Transition to attack

This session examines players’ ability to attack quickly and create overloads from an organised team shape.

It’s a modern trend within the game and offers our team a clear route to goal, with players taking on and mastering defined roles as part of a tight and efficient unit.

SET-UP

Area
Up to a full pitch
Equipment
Balls, cones, goals
Number of Players
Up to 9v9
Session time
Overload exercise 10mins,
Game 1 20mins,
Game 2 20mins

What do I get the players to do?

Overload exercise

We begin with a 4v2 overload warm-up in a narrowed penalty box extended down the pitch. Two red defenders must organise to repel the threat of the four yellow attackers. If they win the ball back the practice restarts. We progress this by telling the deep midfielder to recover after the first pass, with the main attack being a 3v2 (1).

1

• In the warm-up, four attacking yellows attempt to find a way past the two defenders


Attacking game 1

We set up with a goal on the 18-yard line, with the pitch coned across 10 yards into the bottom half. This small area represents a ‘safe zone’, where two unopposed defenders sit. They pass the ball out to begin the attacking move.

Should yellows turn over possession they cannot immediately counter-attack – we want them to think about switching, making a square pass or even playing the ball backwards, before then going forward, in order to keep opponents from immediately pressing the ball (2a).

2a

• In the first attacking game, red defenders begin unopposed in the zone. When yellows turn over possession, they must play sideways or backwards

When a pass breaks the coned line, both defenders can move back to defend, though four attackers can move into the space.

To progress, yellows can now make any pass, including a quick ball forward (2b). And in the final progression, only one red can defend behind the coned line, against as many as five attackers.

2b

• In the first progression, quick and direct forward passes can now be played, with the two red defenders allowed to recover in attempting to foil the attacking break made by four yellows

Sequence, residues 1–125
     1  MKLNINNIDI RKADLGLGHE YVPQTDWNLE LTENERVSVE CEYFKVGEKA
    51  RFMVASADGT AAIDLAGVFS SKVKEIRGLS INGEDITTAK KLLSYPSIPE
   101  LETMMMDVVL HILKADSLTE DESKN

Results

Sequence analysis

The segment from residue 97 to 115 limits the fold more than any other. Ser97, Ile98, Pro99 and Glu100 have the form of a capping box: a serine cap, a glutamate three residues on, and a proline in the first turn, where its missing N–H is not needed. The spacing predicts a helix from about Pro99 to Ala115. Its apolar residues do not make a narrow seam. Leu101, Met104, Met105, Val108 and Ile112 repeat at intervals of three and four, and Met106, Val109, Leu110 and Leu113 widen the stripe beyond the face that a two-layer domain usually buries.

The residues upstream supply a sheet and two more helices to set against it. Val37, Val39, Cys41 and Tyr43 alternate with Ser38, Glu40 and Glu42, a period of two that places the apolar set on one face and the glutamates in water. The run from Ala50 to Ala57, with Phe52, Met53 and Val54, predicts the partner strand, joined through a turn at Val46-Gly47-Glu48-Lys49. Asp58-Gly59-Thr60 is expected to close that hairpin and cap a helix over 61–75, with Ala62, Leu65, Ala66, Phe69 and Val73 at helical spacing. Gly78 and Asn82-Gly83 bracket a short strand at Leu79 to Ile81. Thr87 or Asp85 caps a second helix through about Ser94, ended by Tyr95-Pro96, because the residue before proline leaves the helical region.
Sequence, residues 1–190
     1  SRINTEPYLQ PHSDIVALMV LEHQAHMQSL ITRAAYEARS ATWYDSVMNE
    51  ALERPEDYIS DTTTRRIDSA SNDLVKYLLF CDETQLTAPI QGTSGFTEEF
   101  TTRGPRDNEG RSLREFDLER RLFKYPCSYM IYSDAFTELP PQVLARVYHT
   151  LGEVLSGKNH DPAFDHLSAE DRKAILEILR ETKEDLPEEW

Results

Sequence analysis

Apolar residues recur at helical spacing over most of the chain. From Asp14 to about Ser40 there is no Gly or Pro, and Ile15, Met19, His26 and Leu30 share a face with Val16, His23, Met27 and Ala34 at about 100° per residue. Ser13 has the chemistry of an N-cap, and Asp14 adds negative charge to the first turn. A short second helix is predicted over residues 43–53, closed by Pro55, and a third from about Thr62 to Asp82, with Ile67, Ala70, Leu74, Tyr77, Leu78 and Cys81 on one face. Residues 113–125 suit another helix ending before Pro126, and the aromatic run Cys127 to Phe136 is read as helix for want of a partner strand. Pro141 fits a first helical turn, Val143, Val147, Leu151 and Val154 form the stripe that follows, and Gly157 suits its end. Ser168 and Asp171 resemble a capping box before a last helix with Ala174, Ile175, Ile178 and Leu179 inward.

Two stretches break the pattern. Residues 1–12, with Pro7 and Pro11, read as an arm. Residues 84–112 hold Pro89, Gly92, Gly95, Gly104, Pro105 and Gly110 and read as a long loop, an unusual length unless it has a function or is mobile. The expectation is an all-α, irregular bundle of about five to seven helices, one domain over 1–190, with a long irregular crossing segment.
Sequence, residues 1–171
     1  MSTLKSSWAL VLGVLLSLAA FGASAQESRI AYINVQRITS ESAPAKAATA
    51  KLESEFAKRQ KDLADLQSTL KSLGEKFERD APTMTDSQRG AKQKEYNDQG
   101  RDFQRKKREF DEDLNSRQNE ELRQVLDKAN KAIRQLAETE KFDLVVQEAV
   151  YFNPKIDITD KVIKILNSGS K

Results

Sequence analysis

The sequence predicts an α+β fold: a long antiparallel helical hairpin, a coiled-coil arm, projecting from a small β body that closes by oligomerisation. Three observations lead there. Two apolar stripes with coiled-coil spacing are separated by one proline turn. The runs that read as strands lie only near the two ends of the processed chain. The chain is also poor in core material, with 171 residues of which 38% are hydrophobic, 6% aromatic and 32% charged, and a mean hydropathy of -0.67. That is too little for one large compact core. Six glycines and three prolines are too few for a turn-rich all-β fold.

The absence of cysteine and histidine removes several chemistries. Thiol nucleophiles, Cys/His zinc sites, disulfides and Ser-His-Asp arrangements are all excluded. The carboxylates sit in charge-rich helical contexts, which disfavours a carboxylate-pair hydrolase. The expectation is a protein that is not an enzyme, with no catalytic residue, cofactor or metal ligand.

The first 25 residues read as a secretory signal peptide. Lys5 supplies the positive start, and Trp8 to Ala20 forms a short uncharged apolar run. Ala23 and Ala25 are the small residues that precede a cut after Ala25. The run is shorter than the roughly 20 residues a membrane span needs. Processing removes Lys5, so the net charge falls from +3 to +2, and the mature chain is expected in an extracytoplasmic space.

Attacking game 2

Next we play 9v9, full pitch, with zones at both ends, which act as offside lines. Attackers can have two players running beyond this line who will be unopposed if a pass can be played through. Defending players cannot drop deeper than this line, allowing space into which we can play through-balls and create 1v1 situations against the keeper (3a).

3a

• In the second attacking game, yellow defenders cannot drop back behind the defensive line, meaning the red player goes through 1v1 with the keeper

To progress, we can allow more attackers and defenders beyond that line, such as 4v2s or 4v3s (3b).

3b

• In the progression, greater numbers of players are allowed to drop back beyond the defensive line – here, it’s 4v2


What are the key things to look out for?

Technically, we want to see players running with the ball, playing with their heads up, a good quality of pass and movement and accomplished decision making.

Tactically, the session relies on good organisation, players being able to break the lines when regaining, and movement in the sense of how, when and where we can get to where we need to be on the pitch.

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